The report analyzed the wireless security controls at 24 agencies and assessed the security of WLANs at the headquarters of six agencies in Washington, D.C.
"The wireless networks at the six federal agencies we tested were not secure. Specifically, we were able to detect wireless networks at each of the agencies from outside their facilities," GAO analysts said in their report. "Wireless-enabled devices were operating with insecure configurations at all six of the agencies."
In one agency, more than 90 laptops were not configured securely, according to the GAO report, which added: "Finally, there was unauthorized wireless activity at all of the agencies that had not been detected by their monitoring programs."
Most federal agencies in the study did not even have wireless network monitoring to ensure policy compliance and detect unauthorized wireless devices, the report noted. Eighteen agencies did not provide wireless security training for their employees and contractors. Thirteen had not established secure configuration requirements.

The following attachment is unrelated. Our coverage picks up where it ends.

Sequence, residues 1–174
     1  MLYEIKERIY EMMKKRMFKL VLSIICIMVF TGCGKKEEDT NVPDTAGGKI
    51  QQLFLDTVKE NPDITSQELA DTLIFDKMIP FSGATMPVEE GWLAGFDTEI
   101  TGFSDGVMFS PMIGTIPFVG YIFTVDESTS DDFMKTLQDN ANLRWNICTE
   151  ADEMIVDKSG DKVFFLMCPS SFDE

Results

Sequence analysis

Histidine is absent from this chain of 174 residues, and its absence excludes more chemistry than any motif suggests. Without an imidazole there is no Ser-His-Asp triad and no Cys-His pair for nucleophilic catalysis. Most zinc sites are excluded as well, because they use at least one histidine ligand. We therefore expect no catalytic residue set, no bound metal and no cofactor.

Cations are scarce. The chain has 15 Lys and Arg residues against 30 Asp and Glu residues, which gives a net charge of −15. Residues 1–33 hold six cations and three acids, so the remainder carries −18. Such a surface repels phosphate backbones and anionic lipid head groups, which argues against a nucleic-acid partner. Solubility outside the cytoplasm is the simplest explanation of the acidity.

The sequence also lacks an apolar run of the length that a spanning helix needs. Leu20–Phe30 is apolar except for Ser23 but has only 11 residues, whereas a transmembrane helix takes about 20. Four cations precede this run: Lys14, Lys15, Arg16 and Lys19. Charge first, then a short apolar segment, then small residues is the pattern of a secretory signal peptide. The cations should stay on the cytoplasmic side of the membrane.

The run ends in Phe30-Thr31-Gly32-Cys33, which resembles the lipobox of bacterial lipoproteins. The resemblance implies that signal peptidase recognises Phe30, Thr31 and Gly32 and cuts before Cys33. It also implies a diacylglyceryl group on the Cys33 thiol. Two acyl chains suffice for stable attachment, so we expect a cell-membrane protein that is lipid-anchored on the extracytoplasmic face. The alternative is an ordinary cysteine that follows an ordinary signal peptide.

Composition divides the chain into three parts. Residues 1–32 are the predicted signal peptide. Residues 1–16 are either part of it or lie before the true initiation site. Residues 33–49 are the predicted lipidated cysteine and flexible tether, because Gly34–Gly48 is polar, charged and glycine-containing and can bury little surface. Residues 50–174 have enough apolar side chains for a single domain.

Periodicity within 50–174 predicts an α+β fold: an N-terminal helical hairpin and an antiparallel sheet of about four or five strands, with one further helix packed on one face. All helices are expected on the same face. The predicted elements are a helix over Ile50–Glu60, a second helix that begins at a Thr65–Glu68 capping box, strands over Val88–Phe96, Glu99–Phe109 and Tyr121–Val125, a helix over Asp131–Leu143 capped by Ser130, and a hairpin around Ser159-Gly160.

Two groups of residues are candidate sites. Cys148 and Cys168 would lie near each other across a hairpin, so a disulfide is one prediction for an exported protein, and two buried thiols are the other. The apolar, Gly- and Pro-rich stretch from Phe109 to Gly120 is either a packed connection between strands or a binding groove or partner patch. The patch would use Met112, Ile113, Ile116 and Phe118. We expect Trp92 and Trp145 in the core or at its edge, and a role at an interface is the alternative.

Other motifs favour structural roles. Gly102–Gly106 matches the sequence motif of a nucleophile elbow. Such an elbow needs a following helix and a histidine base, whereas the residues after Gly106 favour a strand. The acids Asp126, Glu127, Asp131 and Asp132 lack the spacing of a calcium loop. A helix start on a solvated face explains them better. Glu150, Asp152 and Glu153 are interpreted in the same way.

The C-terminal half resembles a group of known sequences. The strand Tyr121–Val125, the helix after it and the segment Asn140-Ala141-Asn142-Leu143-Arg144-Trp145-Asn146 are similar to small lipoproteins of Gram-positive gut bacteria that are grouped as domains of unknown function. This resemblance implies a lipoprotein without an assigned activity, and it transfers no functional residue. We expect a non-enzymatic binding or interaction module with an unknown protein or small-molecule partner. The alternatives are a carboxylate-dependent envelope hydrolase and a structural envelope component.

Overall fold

The GAO recommended that the director of the Office of Management and Budget (OMB) direct agencies to ensure that WLAN secruity is addressed in their infosec programs. OBM agreed with the recommendation and outlined actions to address it.
As reported in SC Magazine, the U.S. Department of Homeland Security failed to meet user needs or to conduct enough security testing by rushing development of a secure network for sensitive data, according to a report by the DHS inspector general.